Lastly, we tried some Dol Hareubang bread (돌하르방빵). Dol hareubangs are the phallic statues (often carved out of lava rock) that you will see all over the island. The word roughly translates to “stone grandfather” in the Jeju dialect. While they have a history of being used as fertility statues, they have also become the symbol (mascot) of Jeju Island. These adorable miniature Dol Hareubang shaped breads were the most magical snack I’ve ever had. The outside was crisp and the inside was warm and fluffy. It was filled with a sweet tangy tangerine custard. I’m not even sure how many bags we had will we were there.  They were everything.돌하르방빵

Seogwipo Maeil Olle Market (서귀포매일올레시장)

After our snack break, we moved on to the Seogwipo Maeil Olle Market. To be honest, there wasn’t a whole lot going on there for tourists. They mostly sold fresh fish, seaweed, tangerines, side dishes and other things to be bought and taken home to eat. It’s mostly geared towards locals and not much different from local fish markets you would find in other parts of Korea.CroquettesJeju black pork croquettes

We did, however, find a place that makes delicious croquettes filled with Jeju black pork. Even though we were pretty full, they were so good we had to buy 2. The outside was so crispy and the filling inside was so savoury and well seasoned I couldn’t put it down! Then we washed it down with some fresh tangerine juice that came in a super cute Dol Hareubang bottle.Dol Hareubang BottleTangerine Juice

Jungmun Saekdal Beach (중문 색달 해변)

Our last stop of the day was Jungmun Saekdal Beach for a little r&r. It was really beautiful… to look at. The sand was a light tan color with a super fine texture and the ocean was a vibrant mixture of various shades of blue. It wasn’t very crowded either, with was great! For ₩30,000 we got an umbrellaed table with a couple of chairs right by the water, set our stuff and made our way to a more secluded spot on the beach. The water was divided into two parts, half for swimmers and half for surfers. We were introducing our dog to the ocean for the first time, and we weren’t anticipating such strong waves. Unfortunately, we got hit with a strong wave that completely soaked him and peppered him with sand. He gave new meaning to the term “salty sea dog” that day. Needless to say he was just done after that.Jungmun Saekdal BeachFamily Beach Time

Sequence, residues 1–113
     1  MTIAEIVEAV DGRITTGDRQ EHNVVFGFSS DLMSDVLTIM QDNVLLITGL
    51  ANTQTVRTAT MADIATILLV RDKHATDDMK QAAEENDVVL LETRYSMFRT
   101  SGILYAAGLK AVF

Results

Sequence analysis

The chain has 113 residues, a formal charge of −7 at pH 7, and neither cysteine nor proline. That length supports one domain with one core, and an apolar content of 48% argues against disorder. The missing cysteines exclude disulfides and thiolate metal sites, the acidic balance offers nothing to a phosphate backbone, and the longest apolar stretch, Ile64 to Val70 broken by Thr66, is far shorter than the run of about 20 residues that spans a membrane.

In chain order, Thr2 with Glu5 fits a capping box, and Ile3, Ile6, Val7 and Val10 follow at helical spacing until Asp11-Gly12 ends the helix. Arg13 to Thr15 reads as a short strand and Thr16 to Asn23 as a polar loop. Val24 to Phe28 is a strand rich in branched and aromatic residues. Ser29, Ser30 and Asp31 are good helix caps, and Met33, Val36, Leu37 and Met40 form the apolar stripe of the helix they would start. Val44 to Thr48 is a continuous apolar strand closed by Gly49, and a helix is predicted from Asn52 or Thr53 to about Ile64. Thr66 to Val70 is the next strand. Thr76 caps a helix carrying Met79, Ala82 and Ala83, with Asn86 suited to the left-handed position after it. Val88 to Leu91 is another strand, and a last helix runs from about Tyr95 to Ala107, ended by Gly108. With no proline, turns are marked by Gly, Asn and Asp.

Honestly the swimming wasn’t that great for us either. The water was ridiculously sandy and full of seaweed and island debris. When we got back to the car, I felt like I had brought back half of the beach with me in my swim suit. I’m still trying to remove all the grains of sand from my swimsuit. While it was nice to look at and take a few picture of, I personally wouldn’t recommend it. There are much better beaches to check out.Pup Meets OceanSunset

After returning to our pension for some much needed showers (all 3 of us), we felt a bit defeated by our less than “restful” beach day. All we really wanted was to have a nice quiet Jeju black pork dinner together, but it was late and the idea of driving around looking for a place that would accommodate us and our fur baby sounded like a little slice of hell. Fortunately, the amazing adjumma who ran the pension swooped in to save the day, but more on that next time!Salty Sea Dog

5 thoughts on “Jeju-do (Part 2): Pension Stay, Sightseeing and Snacking

  1. Hi Lexi. I just recently found your blog and you do provide lots of interesting content. If you don’t mind, can you tell me what’s the name of the pension that you stayed while you’re in Jeju. Because I myself am going to Jeju in August and the place you stayed looks awesome! Thanks

  2. Hi! Looks so nice. Planning a trip to Jeju in August this year with my two kids. What’s the name of the pension? Best Karin